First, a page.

Jolla Ports Sailfish OS to Smartwatch Hardware

Jolla's Sailfish OS has already been used on two official Sailfish OS devices: the Jolla smartphone, Jolla tablet, plus the Intex Aqua Fish and the Turing Phone. Thanks to the platform's community support, a number of smartphones and tablets have also benefited from the software and in Jolla's view the operating system should form an "excellent base for many different kinds of embedded devices." In other words, the Finnish company sees Sailfish OS' abilities not being restricted to the current typical consumer electronics products that live in our pockets and bags. A few weeks ago the company decided to devote its engineer's time towards porting Sailfish OS to the smartwatch platform via an Android smartwatch. Their belief was that Sailfish OS' gesture-driven user interface should be well suited to the smartwatch platform compared with the competition. At the end of last week, the company revealed the results of their project, which they are calling a "case study." Jolla have also previewed the platform running on the watch hardware at Slush 2016.

Jolla used an existing smartwatch platform, called Asteroid OS, for technical and design inspiration. Asteroid OS is also based on the Mer and Nemi libraries that are embedded into the Sailfish OS and illustrates how open source software is vital for Jolla's platform. Because Sailfish OS uses the libHybris layer, this gives the development team easy access to Android hardware and, this in turn, meant that the team could set up APIs for the home screen, connectivity, profiling and that all important aspect of smartwatches, power management. It meant that the team could easily access the display in order to show the time, calendar, weather and settings screens. Sailfish OS' user interface layer made it relatively easy for the team to include a scalable set of common parts of the operating system, such as gestures, layouts, animations, icons and fonts. In short, Sailfish OS' existing software allows it to relatively easily run on existing hardware and this makes it easy to port the code to the new device. Jolla's prototype Sailfish OS smartwatch uses the typical Sailfish-style carousel arrangement from the home screen: the device screenshots at the bottom of this article show off how the device looks in use. For this particular device, in common with the industry Jolla have used their fitness application as the superapp, which is accessed by swiping to the right. Swiping left brings up the Events screen. As with other Sailfish OS devices, applications can always be pulled up by swiping from the bottom and the ambiences screen is accessed by swiping from the top.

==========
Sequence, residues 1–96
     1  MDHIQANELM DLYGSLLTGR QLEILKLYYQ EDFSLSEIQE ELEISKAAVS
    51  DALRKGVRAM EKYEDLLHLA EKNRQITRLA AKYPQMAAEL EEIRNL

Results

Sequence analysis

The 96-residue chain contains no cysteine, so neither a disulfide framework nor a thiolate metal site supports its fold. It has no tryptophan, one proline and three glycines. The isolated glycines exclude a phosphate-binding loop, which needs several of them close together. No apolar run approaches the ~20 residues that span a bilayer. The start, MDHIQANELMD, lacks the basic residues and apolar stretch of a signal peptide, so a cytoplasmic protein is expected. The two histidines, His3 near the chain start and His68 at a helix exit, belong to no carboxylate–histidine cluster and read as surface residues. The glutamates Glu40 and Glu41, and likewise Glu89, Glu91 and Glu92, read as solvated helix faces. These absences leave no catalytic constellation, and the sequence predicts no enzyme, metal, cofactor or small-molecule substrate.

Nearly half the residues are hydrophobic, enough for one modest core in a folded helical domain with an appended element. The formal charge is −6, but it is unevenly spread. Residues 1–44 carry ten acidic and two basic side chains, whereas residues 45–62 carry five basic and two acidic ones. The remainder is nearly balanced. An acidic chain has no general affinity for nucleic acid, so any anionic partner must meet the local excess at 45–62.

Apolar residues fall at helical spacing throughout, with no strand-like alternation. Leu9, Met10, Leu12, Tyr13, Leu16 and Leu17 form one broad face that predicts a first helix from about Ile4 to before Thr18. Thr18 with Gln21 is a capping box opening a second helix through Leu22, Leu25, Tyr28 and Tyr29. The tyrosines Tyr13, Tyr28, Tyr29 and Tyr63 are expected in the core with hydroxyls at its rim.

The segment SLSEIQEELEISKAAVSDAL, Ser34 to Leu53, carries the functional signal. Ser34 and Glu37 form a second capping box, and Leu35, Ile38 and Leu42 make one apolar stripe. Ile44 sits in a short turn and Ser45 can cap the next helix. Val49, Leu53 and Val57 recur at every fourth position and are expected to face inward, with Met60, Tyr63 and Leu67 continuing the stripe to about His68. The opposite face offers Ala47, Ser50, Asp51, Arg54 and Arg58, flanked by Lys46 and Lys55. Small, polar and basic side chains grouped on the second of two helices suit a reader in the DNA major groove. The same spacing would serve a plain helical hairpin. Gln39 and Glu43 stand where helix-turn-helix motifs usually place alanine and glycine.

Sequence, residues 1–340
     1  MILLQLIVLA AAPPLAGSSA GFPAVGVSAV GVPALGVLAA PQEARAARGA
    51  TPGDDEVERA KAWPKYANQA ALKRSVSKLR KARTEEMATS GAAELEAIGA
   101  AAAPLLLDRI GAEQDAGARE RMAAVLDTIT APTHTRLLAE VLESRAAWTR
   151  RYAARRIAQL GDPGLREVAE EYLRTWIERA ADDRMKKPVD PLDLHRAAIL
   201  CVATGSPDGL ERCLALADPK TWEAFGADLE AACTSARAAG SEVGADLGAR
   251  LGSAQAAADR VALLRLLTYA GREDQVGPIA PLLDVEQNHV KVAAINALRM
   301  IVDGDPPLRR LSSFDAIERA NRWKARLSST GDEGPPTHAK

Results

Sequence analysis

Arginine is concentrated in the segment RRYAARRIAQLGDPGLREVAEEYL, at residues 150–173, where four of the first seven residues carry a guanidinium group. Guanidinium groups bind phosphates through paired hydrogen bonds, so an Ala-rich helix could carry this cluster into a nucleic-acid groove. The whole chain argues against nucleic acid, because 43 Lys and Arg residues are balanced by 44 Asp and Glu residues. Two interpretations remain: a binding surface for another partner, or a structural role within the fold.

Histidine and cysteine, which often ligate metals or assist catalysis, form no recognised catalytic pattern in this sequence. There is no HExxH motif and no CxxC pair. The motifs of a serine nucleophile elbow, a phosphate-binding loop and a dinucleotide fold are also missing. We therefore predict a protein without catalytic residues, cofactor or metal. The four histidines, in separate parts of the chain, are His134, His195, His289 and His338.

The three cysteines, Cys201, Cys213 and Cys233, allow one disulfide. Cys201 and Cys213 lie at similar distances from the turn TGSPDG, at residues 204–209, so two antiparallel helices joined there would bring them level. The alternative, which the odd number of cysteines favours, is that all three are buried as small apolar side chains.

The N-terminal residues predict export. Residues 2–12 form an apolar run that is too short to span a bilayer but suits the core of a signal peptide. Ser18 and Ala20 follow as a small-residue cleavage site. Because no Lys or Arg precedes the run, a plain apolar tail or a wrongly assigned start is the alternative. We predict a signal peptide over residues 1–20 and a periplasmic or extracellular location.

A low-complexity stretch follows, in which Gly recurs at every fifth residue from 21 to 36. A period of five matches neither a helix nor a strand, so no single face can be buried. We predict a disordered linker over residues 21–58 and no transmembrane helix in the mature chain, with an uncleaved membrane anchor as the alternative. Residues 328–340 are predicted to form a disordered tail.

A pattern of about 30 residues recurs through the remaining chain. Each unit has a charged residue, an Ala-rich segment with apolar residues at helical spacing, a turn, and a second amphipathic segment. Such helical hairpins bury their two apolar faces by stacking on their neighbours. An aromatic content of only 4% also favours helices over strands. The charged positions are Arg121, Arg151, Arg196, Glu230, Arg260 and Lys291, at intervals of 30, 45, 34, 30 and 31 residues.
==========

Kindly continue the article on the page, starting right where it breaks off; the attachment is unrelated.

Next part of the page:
Jolla's blog notes that none of the embedded applications are fully developed and adds that with more development time, the Sailfish OS smartwatch could easily include a fully-fledged pedometer and calorie-counter in the shape of a health suite. Notifications are handled via the vibration motor and Sailfish OS on the smartwatch is capable of passing calls to a connected handsfree kit. The team decided not to invest time into Bluetooth LE and instead the hardware connects to a Sailfish OS smartphone via the Wi-Fi connection. At this juncture, Jolla have no plans to release a Sailfish OS watch but have more than hinted that this new port of the software might interest hardware companies looking for a different platform to install onto a smartwatch. However, smartwatch product sales remain relatively low as those consumers with one often do not see a reason to upgrade. It remains to be seen if a hardware vendor decides to invest time and development expertise into the platform, and what Sailfish OS can bring to the smartwatch market that we haven't already seen with other devices, from the colorful Android Wear devices to the month long battery life of the Vector Luna devices. Nevertheless, for a customer wanting to experiment with an alternative platform to wear on their wrist and carry in their pocket, Sailfish OS remains interesting. Meanwhile, check out the YouTube video and the screenshots.

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About the Author

David Steele

Senior Staff Writer
I grew up with 8-bit computers and moved into PDAs in my professional life, using a number of devices from early Windows CE clamshells and later. Today, my main devices are a Nexus 5X, a Sony Xperia Z Tablet and a coffee cup.
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